Writing Great iOS Accessibility Labels
A good accessibility label lets your customer know exactly what a control does in as few words as possible, without having to rely on implied context.
Don’t Add the Element Type
iOS already knows your button is a button and your image is an image, it does this using an accessibility trait. If you label your button as ‘Play button’ your VoiceOver customers will hear ‘Play button. Button.’
Keep it Succinct
Don’t frustrate your customer by adding too much information to your labels. There’s no need to describe photos in detail for example, just let people know what the subject of the photo is. Take another look at the Spotify example from the post on when to use accessibility labels. Here our customer knows they’re on the player screen for Beyoncé’s ‘Pray You Catch Me’, so none of the labels include the name of the track. The pause button doesn’t say ‘Pause Pray You Catch Me by Beyoncé’, but simply ‘pause’. Use a single word wherever you can.
Capitalise the First Character
This allows VoiceOver to read the label with the correct inflection.
Don’t End with a Period
Your control’s label is a label, not a sentence, so there is no need to end it with a period. This rule excludes blocks of text.
Ideally, you’ll localise your app into as many languages as practical. This will help you sell in different markets, but more than that, it allows your customers to use your app in the language they are most comfortable with. If you do localise your app, remember to localise your accessibility labels too.
Keep it Current
Sometimes our on-screen elements will change their behaviours throughout the life of the screen. Perhaps you have a button that acts as a toggle, or a shopping cart’s payment button might include the total value of the cart. It’s important that if your element does change state such as this that you update the accessibility label at the same time. Otherwise, you’ll be lying to your users.
Not Just for VoiceOver
It can be a common trap to fall into, thinking that accessibility labels are just for VoiceOver, but they’re also used for Voice Control and Braille displays too. This gives us a few other requirements.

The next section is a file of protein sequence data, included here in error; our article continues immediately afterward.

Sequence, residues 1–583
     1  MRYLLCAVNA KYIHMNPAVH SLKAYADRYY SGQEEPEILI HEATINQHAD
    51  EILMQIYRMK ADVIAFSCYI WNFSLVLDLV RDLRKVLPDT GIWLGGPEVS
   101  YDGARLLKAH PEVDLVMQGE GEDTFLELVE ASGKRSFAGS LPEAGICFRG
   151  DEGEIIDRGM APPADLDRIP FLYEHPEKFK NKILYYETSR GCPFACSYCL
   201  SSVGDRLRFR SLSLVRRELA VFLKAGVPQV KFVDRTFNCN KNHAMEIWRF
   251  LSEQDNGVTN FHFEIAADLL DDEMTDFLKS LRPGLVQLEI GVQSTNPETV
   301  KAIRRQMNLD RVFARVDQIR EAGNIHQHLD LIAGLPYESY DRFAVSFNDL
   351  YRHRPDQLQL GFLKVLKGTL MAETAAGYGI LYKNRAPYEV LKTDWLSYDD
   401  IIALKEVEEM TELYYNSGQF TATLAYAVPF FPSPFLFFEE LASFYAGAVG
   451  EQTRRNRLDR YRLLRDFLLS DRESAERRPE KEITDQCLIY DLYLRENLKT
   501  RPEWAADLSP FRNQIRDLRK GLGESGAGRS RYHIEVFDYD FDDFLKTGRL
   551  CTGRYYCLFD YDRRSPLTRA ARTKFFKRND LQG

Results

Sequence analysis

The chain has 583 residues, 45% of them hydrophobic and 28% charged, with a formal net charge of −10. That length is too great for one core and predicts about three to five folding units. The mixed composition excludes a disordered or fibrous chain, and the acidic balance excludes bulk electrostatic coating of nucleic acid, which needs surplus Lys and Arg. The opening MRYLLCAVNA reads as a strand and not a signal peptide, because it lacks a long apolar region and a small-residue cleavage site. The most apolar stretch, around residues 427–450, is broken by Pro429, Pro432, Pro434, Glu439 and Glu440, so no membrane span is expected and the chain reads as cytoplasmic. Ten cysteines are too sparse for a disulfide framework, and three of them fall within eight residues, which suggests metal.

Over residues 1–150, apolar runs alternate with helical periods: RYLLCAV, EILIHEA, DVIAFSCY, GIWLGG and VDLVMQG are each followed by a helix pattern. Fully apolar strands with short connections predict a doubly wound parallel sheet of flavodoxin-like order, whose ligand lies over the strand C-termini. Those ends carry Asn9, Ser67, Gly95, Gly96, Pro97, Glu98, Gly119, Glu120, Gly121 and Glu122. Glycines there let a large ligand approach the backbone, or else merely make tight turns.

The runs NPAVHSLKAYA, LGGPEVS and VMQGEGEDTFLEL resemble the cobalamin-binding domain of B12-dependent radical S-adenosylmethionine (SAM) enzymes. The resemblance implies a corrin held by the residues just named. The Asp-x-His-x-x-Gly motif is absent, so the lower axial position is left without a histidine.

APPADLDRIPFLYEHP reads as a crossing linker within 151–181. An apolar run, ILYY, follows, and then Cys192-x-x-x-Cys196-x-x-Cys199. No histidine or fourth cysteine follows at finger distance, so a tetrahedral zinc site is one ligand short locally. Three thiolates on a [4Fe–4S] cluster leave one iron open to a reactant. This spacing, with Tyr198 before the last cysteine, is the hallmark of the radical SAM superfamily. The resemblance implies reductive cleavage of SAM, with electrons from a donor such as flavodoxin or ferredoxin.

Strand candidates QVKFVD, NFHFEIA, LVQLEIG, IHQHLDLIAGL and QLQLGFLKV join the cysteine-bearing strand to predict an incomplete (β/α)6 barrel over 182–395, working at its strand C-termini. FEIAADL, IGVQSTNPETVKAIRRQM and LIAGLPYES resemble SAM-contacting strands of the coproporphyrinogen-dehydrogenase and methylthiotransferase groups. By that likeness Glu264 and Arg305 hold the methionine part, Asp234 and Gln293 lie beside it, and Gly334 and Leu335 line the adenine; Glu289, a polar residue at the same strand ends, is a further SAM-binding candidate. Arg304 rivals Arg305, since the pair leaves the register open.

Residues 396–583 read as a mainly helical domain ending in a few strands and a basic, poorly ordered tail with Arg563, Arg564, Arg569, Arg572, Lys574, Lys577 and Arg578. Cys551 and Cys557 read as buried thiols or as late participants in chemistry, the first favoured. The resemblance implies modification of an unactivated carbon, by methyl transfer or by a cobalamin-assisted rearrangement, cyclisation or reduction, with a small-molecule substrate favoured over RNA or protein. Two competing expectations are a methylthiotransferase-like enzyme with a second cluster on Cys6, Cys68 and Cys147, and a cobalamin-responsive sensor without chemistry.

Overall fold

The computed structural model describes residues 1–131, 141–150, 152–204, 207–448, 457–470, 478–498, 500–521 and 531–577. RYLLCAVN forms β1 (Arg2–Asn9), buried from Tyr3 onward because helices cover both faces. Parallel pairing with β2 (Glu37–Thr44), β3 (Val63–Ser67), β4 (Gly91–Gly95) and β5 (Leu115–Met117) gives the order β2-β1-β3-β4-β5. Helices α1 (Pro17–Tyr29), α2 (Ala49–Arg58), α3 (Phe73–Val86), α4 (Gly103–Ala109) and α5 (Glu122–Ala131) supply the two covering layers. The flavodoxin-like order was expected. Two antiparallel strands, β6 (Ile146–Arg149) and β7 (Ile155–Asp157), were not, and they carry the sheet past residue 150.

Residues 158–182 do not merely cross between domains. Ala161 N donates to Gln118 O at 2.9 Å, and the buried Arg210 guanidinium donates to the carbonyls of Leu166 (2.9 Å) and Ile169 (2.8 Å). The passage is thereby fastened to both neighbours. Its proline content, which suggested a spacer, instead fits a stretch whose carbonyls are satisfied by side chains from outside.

For anything your customer interacts with, the accessibility label should be short enough they can easily say it, repeatedly if needed. And intuitive enough they can figure out what to say without having to ask iOS to tell them by saying ‘show names’.
But you can specify alternatives for Voice Control using the
accessibilityUserInputLabels property. This property takes an array of localised strings that Voice Control will listen for to toggle this control. Your label, the one displayed by Voice Control should be first, followed by any alternatives. Unfortunately, this functionality is not currently available in SwiftUI.
// Giving alternative utterances for Voice Control to listen to for this button in UIKit. buyButton.accessibilityUserInputLabels = ["Buy", "Pay", "Purchase"]
For your users who have a Braille display, the accessibility label is the text that is presented to them. This can be a problem if you have forced your accessibility label into a format that means VoiceOver reads it better but will look weird if displayed. I’ve seen this as an issue for reference numbers for example.
Let’s say you are building a shopping app, and when your customer makes an order, you present them with a reference number for that order. Your label displays ‘1234’. But VoiceOver reads ‘one thousand two hundred and thirty-four’. This is a bad experience for your VoiceOver customers, so the quick fix here is to add a space between each digit. This is a really bad option for Braille customers, as this then takes up a huge amount of space on their display. In Braille each number begins with a numerical indicator character. So ‘1234’ takes up 5 Braille characters. ‘1 2 3 4’ however, takes up 12. Many Braille displays can render around 14 characters.
The best option to fix this would be to use an attributed accessibility label. We’ll cover those in the next post.
- Apple Writing Great Accessibility Labels
- Apple Accessibility Programming Guide for iOS.
- Kristina Fox Adopting Voice Control
The next blog in this series is iOS Attributed Accessibility Labels